By Christie R. House
April 11, 2023 | ATLANTA
Hurricane Ida, the most damaging storm to make landfall in Louisiana since Hurricane Katrina in 2005, sent 150 mile an hour winds and a 14-foot storm surge over the southern coastal areas of the state on August 29, 2021. Terrebonne Parish in Lafayette District, home to the UMC Clanton Chapel, was one of the hardest hit areas. Then on September of 2021, Tropical Storm Nicholas flooded the entire area again before many had a chance to recover from Ida.
Clanton Chapel in Dulac suffered major damage, first from the hurricane and then from the soaking rains. Shingles were torn off the church’s roof and siding, the roof collapsed, and the steeple crashed down into the yard. This unique multicultural congregation, led by retired pastor, the Rev. C. Kirby Verret, includes members of the United Houma Nation along with Black, Hispanic and Vietnamese parishioners. Although they found alternate spaces to meet for worship, meetings and ministry after Hurricane Ida struck, they still aren’t back in the building.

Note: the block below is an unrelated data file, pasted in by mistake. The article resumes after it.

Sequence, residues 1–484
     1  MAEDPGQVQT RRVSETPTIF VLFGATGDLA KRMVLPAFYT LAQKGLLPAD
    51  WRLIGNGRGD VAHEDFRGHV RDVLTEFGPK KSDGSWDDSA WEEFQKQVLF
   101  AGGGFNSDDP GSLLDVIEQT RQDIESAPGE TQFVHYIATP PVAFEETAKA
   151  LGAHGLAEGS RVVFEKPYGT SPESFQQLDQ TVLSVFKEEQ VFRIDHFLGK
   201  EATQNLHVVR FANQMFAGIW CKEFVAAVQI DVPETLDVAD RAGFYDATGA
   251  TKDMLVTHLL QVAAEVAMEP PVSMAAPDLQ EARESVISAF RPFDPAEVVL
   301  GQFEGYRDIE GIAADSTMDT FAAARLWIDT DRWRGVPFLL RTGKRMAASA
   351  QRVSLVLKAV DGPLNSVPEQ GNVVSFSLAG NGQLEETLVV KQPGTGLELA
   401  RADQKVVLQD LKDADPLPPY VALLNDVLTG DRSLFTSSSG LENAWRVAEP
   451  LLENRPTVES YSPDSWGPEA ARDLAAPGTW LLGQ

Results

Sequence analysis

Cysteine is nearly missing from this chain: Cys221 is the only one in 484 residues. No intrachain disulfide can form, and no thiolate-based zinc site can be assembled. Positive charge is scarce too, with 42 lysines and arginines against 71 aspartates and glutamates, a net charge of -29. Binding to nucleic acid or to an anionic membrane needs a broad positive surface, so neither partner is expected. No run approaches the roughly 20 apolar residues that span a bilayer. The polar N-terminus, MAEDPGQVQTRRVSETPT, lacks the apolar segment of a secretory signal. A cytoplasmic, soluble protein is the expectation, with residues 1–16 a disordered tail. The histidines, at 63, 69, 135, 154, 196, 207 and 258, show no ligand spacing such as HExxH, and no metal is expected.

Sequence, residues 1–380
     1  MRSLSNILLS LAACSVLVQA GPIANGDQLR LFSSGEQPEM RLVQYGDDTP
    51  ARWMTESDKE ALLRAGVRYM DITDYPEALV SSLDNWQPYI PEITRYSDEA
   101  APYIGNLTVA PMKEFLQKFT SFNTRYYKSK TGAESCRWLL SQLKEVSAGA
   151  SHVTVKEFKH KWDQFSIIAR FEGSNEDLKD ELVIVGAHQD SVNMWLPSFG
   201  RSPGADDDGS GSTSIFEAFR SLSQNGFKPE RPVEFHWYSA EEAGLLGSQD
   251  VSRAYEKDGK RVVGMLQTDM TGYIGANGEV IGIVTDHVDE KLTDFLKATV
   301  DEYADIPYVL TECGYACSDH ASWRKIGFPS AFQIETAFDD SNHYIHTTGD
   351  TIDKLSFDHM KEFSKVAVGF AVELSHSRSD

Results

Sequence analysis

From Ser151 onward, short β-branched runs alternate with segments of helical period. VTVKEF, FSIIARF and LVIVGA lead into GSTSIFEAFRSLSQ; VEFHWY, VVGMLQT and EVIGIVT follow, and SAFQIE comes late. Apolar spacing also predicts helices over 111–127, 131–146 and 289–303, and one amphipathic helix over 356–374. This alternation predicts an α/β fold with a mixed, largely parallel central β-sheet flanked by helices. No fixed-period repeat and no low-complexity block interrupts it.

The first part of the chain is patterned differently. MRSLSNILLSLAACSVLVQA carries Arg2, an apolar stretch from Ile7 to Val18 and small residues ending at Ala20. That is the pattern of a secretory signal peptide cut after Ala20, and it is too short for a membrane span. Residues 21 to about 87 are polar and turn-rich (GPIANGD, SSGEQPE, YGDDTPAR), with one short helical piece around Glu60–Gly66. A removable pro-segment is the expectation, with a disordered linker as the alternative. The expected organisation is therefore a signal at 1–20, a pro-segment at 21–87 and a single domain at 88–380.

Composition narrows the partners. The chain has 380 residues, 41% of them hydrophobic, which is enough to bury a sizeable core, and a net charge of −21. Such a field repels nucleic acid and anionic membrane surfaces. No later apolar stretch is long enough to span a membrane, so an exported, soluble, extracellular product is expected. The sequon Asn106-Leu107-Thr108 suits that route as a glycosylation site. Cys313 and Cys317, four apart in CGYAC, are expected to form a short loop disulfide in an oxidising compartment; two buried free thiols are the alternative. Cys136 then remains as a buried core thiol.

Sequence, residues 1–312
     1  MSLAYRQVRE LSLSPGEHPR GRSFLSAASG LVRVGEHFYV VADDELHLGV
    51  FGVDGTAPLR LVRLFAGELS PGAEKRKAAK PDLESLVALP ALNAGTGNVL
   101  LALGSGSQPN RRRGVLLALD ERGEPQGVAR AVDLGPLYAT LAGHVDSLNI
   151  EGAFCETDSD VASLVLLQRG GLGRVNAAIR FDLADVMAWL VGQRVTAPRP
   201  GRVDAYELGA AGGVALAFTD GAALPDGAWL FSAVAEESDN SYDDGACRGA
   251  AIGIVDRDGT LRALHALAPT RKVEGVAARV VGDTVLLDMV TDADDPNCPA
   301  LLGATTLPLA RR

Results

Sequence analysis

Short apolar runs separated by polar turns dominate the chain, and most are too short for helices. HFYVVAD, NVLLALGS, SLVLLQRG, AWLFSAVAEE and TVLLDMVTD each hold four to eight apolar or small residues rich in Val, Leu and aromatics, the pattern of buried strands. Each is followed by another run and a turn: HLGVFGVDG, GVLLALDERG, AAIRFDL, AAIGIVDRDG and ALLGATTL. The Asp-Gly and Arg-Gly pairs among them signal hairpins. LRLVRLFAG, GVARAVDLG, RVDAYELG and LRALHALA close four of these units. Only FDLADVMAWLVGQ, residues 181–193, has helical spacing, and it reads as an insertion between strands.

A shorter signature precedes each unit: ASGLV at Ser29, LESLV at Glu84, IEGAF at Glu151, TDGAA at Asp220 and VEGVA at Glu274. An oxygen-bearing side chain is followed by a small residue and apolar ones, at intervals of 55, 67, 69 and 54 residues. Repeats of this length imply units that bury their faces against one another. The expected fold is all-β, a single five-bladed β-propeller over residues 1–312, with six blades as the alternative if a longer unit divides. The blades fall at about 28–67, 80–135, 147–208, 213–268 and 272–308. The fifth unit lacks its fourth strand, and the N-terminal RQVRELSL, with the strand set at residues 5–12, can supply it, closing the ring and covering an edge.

But they have not faced these challenges alone.
After the hurricane, a unique coalition came together, which included the local Dulac community, the Louisiana Conference, the Oklahoma Indian Missionary Conference and the General Board of Global Ministries. Each contributed different resources and areas of expertise to aid in the recovery of this congregation and community.